Kenya has put in place security measures to pave the way for flights from Mogadishu to land in Nairobi, the Ministry of Transport has said.
Transport secretary James Macharia said yesterday that Nairobi was ready for the resumption of direct flights from the Somalia capital, ending an eleven-year ban in line with a directive from President Uhuru Kenyatta.
“Direct flights from Mogadishu to Nairobi are scheduled to start tomorrow (today) as we have put in place adequate security measures to ensure the safety of our country,” said Mr Macharia.
The Kenya Civil Aviation Authority (KCAA) said that it had lifted the Notice to Airmen (NOTAM) requiring aircraft coming from Mogadishu to come via Wajir.
“We have lifted Notam for direct flights between the two cities starting tomorrow even as we continue to assess the situation and put appropriate measure in place for direct flights,” said KCAA director general Gilbert Kibe.
Kenya in 2006 introduced a stopover in Wajir for all flights coming to Nairobi from Mogadishu. However, President Kenyatta last week said that the Wajir stopover would be removed within two weeks.
“I have directed security teams from both countries to meet immediately and agree on modalities of re-launching direct flights between Nairobi and Mogadishu within two weeks,” said Mr Kenyatta.
Mr Kenyatta was speaking following a meeting with his counterpart, Somalia’s President Mohamed Abdullahi “Farmajo”, in Nairobi.
Kenya has long argued that the stopover in Wajir acts as a buffer against security threats posed by the Al- Shabaab terror group in Somalia.
The challenge facing authorities implementing the directive was the need to balance security and convenience. Mr Macharia said additional security measures had already been introduced in Mogadishu.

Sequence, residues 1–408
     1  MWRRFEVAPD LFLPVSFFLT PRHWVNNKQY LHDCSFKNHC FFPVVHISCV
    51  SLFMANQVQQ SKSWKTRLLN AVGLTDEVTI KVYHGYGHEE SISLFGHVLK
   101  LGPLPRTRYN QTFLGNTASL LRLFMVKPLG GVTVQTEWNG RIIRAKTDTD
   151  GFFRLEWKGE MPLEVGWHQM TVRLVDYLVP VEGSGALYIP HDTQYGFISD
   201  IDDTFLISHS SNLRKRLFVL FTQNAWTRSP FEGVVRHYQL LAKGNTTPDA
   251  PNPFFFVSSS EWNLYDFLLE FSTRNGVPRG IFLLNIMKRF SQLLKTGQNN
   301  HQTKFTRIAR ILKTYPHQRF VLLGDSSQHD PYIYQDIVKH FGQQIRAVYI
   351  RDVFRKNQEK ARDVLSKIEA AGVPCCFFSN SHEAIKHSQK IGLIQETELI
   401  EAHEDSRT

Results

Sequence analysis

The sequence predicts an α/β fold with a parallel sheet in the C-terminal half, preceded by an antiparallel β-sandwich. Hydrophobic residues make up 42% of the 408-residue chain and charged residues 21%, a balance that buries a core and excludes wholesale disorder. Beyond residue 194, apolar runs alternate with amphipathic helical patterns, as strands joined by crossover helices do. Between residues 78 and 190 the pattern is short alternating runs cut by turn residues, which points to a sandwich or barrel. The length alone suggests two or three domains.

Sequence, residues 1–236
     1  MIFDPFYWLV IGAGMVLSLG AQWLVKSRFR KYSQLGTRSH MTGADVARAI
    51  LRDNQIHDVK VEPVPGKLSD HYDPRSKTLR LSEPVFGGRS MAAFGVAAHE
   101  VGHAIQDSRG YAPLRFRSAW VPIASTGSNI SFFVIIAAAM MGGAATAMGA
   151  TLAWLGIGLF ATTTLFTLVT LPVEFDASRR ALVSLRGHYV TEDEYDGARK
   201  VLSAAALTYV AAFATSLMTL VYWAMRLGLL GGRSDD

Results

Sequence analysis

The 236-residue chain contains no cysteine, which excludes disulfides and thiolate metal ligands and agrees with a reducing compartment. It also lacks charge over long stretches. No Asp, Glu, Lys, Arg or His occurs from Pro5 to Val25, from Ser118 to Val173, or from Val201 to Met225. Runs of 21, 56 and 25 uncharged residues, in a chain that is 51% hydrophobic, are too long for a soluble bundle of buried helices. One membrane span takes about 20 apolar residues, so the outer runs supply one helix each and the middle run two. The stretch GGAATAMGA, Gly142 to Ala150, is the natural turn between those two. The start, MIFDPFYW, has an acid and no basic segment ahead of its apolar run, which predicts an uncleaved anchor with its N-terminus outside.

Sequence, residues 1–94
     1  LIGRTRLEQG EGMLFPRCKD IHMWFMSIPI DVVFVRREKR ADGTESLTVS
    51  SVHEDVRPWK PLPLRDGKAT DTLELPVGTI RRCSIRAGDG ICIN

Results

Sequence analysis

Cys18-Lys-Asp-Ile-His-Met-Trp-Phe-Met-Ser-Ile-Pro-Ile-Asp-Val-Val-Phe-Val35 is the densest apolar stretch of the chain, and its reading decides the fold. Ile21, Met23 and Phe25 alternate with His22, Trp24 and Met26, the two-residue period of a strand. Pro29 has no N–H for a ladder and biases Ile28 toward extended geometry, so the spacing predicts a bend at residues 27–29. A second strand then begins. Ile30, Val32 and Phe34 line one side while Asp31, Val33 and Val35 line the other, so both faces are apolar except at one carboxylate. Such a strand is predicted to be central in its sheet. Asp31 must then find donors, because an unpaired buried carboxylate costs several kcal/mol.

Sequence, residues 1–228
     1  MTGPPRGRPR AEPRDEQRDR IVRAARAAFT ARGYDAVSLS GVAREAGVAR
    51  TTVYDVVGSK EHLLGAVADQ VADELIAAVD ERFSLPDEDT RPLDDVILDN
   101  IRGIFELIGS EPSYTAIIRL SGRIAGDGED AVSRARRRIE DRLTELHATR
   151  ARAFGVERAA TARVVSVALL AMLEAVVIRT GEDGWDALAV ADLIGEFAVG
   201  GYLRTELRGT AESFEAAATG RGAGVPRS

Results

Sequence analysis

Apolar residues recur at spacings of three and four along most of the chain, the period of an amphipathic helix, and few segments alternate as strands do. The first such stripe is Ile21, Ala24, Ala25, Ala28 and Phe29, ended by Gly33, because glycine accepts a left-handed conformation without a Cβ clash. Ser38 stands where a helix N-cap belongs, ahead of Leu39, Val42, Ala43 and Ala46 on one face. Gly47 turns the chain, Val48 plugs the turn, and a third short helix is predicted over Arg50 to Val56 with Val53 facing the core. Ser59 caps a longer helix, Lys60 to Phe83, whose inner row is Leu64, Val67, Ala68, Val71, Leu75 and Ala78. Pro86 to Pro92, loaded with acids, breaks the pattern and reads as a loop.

The reintroduction of direct flights from Mogadishu to Nairobi is expected to reduce the inconveniences faced by travellers between the two countries.
While direct flights from the Jomo Kenyatta International Airport (JKIA) to Mogadishu take about one hour and 20 minutes, the return leg takes nearly two- and- half hours, with the screening stretching it by an hour. Passengers stand to benefit the most due if the delays are cut. Although Kenya does not import as much as it exports to Somalia, cargo handlers and non-governmental organisations also expect benefits from the reintroduction of direct flights.
“It is good news for the aid and relief sector as it allows for easy movement of people and cargo in the NGO sector as it gives shorter cargo transit times,” said Siginon Group commercial manager, Jack Mwaura.
Kenya in 2015 exported Sh15 billion worth of goods to Somalia mostly perishable products such as meat and horticulture. On the other hand, Somalia’s exports to Kenya were not significant enough to be registered in the 2016 Economic Survey.
The reintroduction of direct flights would also serve to better diplomatic relations between the two countries. Somalia has been pushing for the direct flights in vain. Last month, Mogadishu claimed that Kenya had promised to allow direct flights by December 13, 2016. “Somalia and Kenya had an agreement to ease these restrictions because both airports in Nairobi and Mogadishu can handle security checks before anyone can board,” an official said last month.